Emotional intelligence (EI) refers to the processes involved in the recognition, use, understanding, and management of one’s own and others’ emotional states to solve emotion-laden problems and to regulate behavior. EI, in this tradition, refers to an individual’s capacity to reason about emotions and to process emotional information to enhance reasoning. EI is a member of an emerging group of mental abilities alongside social, practical, and personal intelligences.
Research on EI is as an outgrowth of two areas of psychological investigation that emerged toward the end of the 20th century. In the 1980s, psychologists and cognitive scientists began to examine how emotion interacts with thinking and vice versa. For instance, researchers studied how mood states can assist and influence autobiographical memory and personal judgment. At the same time, there was a gradual loosening of the concept of intelligence to include a broad array of mental abilities. Howard Gardner, for instance, advised educators and scientists to place a greater emphasis on the search for multiple intelligences (e.g., interpersonal intelligence, bodily-kinesthetic intelligence). Gardner was primarily interested in helping educators to appreciate students with diverse learning styles and potentials.
The term emotional intelligence was introduced to the scientific literature in two articles published in 1990. The first article, by Peter Salovey at Yale University and John (Jack) D. Mayer at the University of New Hampshire, formally defined EI as the ability to monitor one’s own and others’ feelings and emotions, to discriminate among them, and to use emotion-laden information to guide one’s thinking and actions. The second article presented an empirical demonstration of how EI could be tested as a mental ability. This study demonstrated that emotion and cognition could be combined to perform sophisticated information processing. Daniel Goleman popularized the construct in a best-selling 1995 book, Emotional Intelligence: Why It Can Matter More Than IQ. EI quickly captured the interest of the media, general public, and researchers. Goleman’s claims about the importance of EI went beyond the available data on the construct, however; for example, he claimed that EI was as powerful and at times more powerful than general intelligence in predicting success in life. Goleman’s definition of EI also encompassed a broad array of personal attributes, including political awareness, self-confidence, and conscientiousness, among other desirable personality attributes.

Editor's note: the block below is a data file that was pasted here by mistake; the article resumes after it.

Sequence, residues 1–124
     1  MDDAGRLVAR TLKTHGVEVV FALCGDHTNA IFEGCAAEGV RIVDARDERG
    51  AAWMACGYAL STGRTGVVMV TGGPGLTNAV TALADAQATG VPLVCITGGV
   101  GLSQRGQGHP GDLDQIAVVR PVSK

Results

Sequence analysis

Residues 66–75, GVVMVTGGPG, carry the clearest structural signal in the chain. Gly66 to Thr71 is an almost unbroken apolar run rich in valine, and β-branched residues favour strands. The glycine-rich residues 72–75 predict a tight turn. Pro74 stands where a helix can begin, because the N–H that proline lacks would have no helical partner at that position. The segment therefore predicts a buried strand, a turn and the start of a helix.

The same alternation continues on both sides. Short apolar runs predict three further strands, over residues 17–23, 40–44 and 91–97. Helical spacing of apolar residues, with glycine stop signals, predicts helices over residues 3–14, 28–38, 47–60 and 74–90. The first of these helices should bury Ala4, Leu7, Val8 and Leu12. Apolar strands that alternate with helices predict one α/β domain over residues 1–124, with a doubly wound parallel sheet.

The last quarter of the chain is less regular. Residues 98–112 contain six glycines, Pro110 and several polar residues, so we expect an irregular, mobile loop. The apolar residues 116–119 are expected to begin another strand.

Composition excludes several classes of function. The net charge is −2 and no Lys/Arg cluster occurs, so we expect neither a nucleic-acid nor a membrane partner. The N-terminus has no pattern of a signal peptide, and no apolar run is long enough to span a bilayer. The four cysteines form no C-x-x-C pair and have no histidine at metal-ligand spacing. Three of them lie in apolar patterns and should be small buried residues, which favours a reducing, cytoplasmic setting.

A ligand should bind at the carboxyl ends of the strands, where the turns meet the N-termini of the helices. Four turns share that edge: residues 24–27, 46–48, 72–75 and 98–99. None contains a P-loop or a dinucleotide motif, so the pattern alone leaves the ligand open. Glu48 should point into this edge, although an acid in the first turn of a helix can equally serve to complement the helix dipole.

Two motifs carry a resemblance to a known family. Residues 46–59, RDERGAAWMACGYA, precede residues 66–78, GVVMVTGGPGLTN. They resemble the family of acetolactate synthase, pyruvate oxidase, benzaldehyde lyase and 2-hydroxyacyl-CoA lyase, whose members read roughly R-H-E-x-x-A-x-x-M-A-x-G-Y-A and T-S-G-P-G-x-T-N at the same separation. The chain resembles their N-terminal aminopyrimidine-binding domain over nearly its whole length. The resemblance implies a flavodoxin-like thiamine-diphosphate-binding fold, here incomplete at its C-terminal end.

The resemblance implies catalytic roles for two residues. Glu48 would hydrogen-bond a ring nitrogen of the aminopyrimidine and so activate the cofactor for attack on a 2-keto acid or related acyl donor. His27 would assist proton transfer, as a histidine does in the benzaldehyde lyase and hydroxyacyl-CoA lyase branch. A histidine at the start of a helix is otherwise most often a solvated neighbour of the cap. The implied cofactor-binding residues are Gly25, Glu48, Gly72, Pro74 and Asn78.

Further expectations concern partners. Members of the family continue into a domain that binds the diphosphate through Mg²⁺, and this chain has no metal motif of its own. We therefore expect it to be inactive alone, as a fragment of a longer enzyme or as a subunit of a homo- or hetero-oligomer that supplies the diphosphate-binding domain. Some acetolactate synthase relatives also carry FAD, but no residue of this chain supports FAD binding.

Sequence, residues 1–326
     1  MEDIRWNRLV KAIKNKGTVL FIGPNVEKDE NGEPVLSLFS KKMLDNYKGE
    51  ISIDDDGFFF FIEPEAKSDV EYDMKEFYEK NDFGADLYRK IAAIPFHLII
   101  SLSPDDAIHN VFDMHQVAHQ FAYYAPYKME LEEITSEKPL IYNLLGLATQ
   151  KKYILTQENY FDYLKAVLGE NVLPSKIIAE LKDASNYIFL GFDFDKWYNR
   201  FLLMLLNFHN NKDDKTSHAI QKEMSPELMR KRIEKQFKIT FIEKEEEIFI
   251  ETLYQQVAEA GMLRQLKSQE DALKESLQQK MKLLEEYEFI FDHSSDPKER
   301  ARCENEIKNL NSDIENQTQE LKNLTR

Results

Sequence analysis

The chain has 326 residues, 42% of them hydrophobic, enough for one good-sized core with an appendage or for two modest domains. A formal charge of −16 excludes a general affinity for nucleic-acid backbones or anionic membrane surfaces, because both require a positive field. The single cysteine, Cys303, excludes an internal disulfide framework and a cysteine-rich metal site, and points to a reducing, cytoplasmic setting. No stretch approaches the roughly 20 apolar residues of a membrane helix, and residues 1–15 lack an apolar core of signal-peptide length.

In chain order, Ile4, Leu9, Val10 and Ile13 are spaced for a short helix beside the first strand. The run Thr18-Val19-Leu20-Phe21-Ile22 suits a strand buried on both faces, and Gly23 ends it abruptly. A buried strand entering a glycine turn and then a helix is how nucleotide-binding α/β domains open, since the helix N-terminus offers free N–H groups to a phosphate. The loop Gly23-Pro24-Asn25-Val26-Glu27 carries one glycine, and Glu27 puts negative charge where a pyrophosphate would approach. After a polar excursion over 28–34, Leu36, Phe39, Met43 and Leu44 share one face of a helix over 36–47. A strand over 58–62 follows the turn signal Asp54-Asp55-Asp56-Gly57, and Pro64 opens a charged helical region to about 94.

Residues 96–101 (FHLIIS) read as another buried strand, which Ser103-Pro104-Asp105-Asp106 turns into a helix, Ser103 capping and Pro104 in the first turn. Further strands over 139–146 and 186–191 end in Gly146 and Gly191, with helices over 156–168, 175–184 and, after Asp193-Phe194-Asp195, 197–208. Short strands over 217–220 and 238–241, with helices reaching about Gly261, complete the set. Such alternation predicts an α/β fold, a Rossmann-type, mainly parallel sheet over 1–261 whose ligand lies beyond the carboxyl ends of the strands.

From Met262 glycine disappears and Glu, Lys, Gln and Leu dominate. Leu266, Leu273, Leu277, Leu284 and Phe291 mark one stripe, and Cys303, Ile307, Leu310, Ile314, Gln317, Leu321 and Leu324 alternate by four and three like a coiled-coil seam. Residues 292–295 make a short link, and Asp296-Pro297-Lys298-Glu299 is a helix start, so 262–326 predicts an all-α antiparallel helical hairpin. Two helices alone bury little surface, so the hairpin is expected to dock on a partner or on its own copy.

In the following years, educators, psychologists, and human resource professionals began to consult and write about EI. Many of these individuals used the term to represent the traits and skills related to character and achieving success in life. However, other researchers have focused the definition of EI on a set of mental skills. They define EI as a set of four abilities pertaining to (a) accurately perceiving and expressing emotion, (b) using emotion to facilitate cognitive activities, (c) understanding emotions, and (d) managing emotions for both emotional and personal growth.
Perceiving emotion refers to the ability to perceive and identify emotions in oneself and others, as well as in other stimuli, including people’s voices, stories, music, and works of art. Using emotion refers to the ability to harness feelings that assist in certain cognitive enterprises, such as problem solving, decision making, and interpersonal communication, and also leads to focused attention and, possibly, creative thinking. Understanding emotions involves knowledge of both emotion-related terms and of the manner in which emotions combine, progress, and transition from one to the other. Managing emotions includes the ability to employ strategies that alter feelings and the assessment of the effectiveness of such strategies.